An anxiety disorder, depression or PTSD does not rule out the Camino de Santiago any more than many physical illnesses.

It may take a little more planning and supervision, but there are ways to do it!

Pilgrimage despite psychological difficulties

If you have landed on this page, you are probably either affected yourself or know someone who is affected and is contemplating embarking on the Camino de Santiago.

That’s why I don’t want to delay sharing the good news: Yes, it’s possible.
And yes, this may be one of the best ideas you’ve ever had.

A pilgrimage can help you grow beyond yourself, revealing entirely new facets and strengths within you. It can lead to a rediscovery of your self-efficacy and your ability to take action, helping you overcome social fears and return as a transformed version of yourself.

And yes, I would be delighted to accompany you!
(Feel free to contact me directly at:

What does it mean to embark on the Way of St. James in the face of fear, depression, or PTSD?

First and foremost, it means that some conventional advice from more or less experienced pilgrims may not be suitable for you. Stepping out of your comfort zone doesn’t come equally easily to everyone.

For those who peruse Facebook groups and encounter statements like “don’t overthink it, just walk!" or “sleepless nights in dormitories are all part of the pilgrimage!" the immediate reaction might be, “this isn’t for me."

However, it’s not that simple. The saying goes, “it’s your camino," emphasizing that everyone must determine what their journey should entail. Yours may involve more planning and security than others’.

If you don’t feel comfortable sleeping in the same room as strangers, then don’t do it. If you’re anxious about finding accommodations, consider pre-booking them. If you worry about completing an entire stage on a difficult day, walk with the assurance of bus schedules and taxi numbers. If you’re uneasy about the unknown, ease that fear by traveling with a meticulously detailed pilgrimage guidebook.

And if you lack confidence in walking alone, consider having me accompany you—whether digitally or in person; both options are available!

What is important if you wish to embark on the Camino de Santiago while dealing with anxiety, depression, or PTSD?

If you have concerns and your intuition suggests that a pilgrimage could be beneficial for you, here’s some advice:

1. Seek Evaluation from a Specialist

If you’ve developed a good understanding of your condition over time, possess effective coping mechanisms, and have therapeutic support, then a Camino de Santiago could indeed be a great idea for you. However, if you’re fresh from a burnout clinic or are in a fragile state, it becomes even more crucial to ensure you have a stable foundation and access to help if needed. Only a healthcare professional can make this assessment, so it’s advisable to consult with a doctor or therapist.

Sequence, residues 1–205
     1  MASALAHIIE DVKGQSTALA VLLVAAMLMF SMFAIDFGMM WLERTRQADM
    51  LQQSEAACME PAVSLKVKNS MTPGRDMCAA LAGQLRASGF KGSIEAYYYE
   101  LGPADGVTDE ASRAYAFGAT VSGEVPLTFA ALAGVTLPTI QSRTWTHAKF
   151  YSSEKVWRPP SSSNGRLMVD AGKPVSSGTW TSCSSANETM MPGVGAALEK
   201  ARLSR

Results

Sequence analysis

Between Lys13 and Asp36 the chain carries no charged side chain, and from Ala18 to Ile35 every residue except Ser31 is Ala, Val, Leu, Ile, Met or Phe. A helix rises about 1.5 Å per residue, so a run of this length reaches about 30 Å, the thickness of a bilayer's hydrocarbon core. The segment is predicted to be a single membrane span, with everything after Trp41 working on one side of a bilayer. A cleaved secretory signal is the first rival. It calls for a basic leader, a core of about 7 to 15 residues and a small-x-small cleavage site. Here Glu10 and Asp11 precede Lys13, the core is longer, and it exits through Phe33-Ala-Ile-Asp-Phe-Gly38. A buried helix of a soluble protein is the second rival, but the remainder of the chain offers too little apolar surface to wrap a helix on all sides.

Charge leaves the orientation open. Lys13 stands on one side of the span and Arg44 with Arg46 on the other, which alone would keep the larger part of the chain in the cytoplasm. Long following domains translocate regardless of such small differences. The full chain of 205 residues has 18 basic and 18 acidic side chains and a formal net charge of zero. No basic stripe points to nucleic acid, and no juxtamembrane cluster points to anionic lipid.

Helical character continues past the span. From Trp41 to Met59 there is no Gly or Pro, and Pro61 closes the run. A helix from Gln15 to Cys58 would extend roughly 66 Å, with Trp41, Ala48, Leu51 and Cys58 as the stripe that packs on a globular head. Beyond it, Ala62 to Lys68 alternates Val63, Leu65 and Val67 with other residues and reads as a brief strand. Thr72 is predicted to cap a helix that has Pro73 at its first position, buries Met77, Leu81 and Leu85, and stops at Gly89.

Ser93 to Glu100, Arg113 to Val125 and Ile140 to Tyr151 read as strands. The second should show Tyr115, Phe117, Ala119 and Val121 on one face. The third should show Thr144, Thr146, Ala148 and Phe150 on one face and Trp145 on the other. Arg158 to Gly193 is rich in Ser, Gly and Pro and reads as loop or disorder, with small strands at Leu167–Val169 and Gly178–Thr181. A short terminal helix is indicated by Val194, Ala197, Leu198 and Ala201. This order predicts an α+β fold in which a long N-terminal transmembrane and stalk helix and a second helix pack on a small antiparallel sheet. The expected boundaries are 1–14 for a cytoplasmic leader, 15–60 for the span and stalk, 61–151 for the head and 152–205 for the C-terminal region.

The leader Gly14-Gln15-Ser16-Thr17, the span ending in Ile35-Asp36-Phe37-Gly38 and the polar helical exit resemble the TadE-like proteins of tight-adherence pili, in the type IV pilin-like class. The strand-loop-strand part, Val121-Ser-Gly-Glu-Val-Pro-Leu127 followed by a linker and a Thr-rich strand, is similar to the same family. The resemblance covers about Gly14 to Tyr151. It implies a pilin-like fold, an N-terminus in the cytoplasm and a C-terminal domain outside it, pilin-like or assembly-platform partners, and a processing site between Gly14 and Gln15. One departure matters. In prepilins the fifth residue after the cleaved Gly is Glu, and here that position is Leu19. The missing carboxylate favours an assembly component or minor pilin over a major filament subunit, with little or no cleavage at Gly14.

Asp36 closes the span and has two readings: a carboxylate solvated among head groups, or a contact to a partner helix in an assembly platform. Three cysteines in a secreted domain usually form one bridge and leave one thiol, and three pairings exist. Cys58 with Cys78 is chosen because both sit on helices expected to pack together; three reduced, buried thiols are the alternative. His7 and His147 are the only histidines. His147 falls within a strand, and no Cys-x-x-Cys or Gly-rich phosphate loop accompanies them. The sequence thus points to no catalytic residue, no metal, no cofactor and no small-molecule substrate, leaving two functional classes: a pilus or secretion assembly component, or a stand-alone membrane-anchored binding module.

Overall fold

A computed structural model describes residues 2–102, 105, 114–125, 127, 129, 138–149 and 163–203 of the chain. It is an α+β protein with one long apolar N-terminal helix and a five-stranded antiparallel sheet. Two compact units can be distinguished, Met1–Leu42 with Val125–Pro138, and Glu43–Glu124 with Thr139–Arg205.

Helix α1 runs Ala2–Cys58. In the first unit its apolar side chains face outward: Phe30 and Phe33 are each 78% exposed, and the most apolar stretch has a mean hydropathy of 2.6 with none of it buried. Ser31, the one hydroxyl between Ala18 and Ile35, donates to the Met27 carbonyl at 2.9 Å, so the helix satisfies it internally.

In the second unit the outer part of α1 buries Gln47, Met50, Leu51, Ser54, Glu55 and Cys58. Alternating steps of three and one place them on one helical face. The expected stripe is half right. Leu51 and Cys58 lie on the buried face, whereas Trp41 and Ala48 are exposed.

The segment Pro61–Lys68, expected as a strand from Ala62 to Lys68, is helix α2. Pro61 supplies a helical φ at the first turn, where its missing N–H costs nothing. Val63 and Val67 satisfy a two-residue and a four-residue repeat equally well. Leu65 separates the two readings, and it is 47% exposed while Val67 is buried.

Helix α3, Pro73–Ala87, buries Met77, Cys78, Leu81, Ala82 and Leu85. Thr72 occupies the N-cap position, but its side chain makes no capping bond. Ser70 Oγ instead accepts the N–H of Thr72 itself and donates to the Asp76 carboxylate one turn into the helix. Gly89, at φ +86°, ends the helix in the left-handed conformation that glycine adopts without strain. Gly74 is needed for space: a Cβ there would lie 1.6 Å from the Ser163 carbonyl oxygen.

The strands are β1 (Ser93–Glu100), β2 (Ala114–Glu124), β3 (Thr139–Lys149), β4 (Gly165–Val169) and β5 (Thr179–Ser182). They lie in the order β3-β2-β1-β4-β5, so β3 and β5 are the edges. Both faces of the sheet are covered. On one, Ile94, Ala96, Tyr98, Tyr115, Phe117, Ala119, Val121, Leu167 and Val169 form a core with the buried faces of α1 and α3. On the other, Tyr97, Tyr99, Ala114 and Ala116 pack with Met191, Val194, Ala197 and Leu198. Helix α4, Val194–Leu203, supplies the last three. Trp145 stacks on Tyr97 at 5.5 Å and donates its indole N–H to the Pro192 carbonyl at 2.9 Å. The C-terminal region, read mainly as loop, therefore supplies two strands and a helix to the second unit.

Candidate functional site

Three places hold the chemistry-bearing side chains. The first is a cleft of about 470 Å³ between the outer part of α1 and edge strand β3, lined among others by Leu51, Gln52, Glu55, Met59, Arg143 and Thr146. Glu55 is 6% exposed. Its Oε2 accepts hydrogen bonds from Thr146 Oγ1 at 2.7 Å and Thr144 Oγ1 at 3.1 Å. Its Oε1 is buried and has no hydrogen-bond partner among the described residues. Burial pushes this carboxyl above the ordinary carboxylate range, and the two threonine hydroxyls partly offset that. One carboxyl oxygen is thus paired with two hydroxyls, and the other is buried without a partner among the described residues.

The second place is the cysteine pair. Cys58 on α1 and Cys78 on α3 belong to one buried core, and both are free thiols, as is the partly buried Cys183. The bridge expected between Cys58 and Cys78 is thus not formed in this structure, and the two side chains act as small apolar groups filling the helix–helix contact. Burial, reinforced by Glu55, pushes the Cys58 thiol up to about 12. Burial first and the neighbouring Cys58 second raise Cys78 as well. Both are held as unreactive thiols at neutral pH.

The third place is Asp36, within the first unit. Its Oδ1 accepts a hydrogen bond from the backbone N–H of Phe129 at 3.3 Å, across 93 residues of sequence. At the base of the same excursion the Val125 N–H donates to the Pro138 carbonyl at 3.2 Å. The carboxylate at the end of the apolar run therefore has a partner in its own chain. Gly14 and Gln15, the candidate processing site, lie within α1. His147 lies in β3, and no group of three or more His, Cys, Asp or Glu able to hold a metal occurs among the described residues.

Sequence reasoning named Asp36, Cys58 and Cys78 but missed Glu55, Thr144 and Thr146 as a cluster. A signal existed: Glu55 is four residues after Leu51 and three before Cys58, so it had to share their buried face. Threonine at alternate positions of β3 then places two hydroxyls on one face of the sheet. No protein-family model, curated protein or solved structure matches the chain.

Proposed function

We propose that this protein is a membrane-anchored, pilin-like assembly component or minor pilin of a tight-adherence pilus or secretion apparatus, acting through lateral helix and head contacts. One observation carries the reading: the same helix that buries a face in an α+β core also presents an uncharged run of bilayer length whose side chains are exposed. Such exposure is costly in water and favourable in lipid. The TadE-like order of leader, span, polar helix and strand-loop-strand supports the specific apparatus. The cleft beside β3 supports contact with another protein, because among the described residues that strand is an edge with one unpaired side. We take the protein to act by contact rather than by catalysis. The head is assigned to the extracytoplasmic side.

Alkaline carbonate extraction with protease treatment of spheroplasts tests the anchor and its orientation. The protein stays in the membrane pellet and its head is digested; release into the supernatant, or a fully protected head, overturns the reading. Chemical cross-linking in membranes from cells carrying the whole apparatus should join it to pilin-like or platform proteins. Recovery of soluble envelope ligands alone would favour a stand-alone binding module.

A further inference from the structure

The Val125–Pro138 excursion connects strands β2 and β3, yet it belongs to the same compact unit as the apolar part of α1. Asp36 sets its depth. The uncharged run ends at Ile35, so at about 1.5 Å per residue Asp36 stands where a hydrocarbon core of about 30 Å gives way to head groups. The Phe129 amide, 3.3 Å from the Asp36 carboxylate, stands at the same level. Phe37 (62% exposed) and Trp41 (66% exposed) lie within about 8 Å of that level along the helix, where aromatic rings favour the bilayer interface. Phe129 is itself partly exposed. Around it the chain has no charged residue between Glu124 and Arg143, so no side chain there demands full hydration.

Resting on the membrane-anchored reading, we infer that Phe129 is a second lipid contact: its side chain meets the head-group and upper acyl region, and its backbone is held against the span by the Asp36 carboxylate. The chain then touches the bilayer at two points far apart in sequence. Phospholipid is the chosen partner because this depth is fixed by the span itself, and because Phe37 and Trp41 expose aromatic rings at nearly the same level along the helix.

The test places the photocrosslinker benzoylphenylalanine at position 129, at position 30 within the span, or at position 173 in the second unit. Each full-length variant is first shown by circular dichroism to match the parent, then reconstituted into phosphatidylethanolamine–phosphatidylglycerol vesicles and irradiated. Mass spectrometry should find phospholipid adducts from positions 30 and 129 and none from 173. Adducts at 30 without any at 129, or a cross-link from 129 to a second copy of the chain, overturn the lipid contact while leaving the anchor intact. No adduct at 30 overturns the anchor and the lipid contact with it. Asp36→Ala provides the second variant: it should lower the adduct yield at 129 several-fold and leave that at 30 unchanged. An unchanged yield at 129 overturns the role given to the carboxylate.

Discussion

Be honest with yourself, as well. Sometimes, you might discover that you’re concealing the extent of your struggles, or perhaps you’re already prepared to take action but lack the courage and motivation.

2. Don't Be Influenced by Others

People often offer well-intentioned advice, but the Camino experiences of individuals are not universally comparable, especially when starting with such diverse mental conditions.

Depression might make it difficult to get out of bed in the morning, and being forced out at eight o’clock by a pilgrim hostel after a night of turmoil can lead to feeling lost among cheerful crowds of pilgrims.

Similarly, generalized anxiety disorder doesn’t allow for the confidence that everything will work out for your evening accommodation.

If you have PTSD and lack a secure home base to retreat to, the uncertainty of it all can become overwhelming and cause you to give up. So, don’t let others unsettle you with notions of how the Way of St. James should be.

Your journey can be entirely different and equally valid!

3. Prioritize Self-Care

The Camino de Santiago pushes almost everyone to their limits and beyond. While this can be beneficial for personal growth, it can also have adverse effects for individuals with preexisting conditions, potentially leading to panic attacks or flashbacks.

It’s crucial to listen to yourself and take good care. This is easier during a solitary trek through nature than in the hectic pace of everyday life.

Budget for the possibility of needing a taxi or alternative accommodations if necessary.

There’s no shame in it; just as you’d take a taxi for a foot injury, allowing the adventure to include moments of self-care and finding solace quickly in a quiet place with walls and a bed is legitimate if you’re emotionally struggling.

4. Be Prepared to Boost Your Confidence

In your everyday life, you may not be the type who simply lets life happen in a carefree manner. Why should it be any different when walking alone in a foreign country with a backpack? (Spoiler: the chances of becoming more relaxed over time and trusting that the path will provide what you need are pretty good!)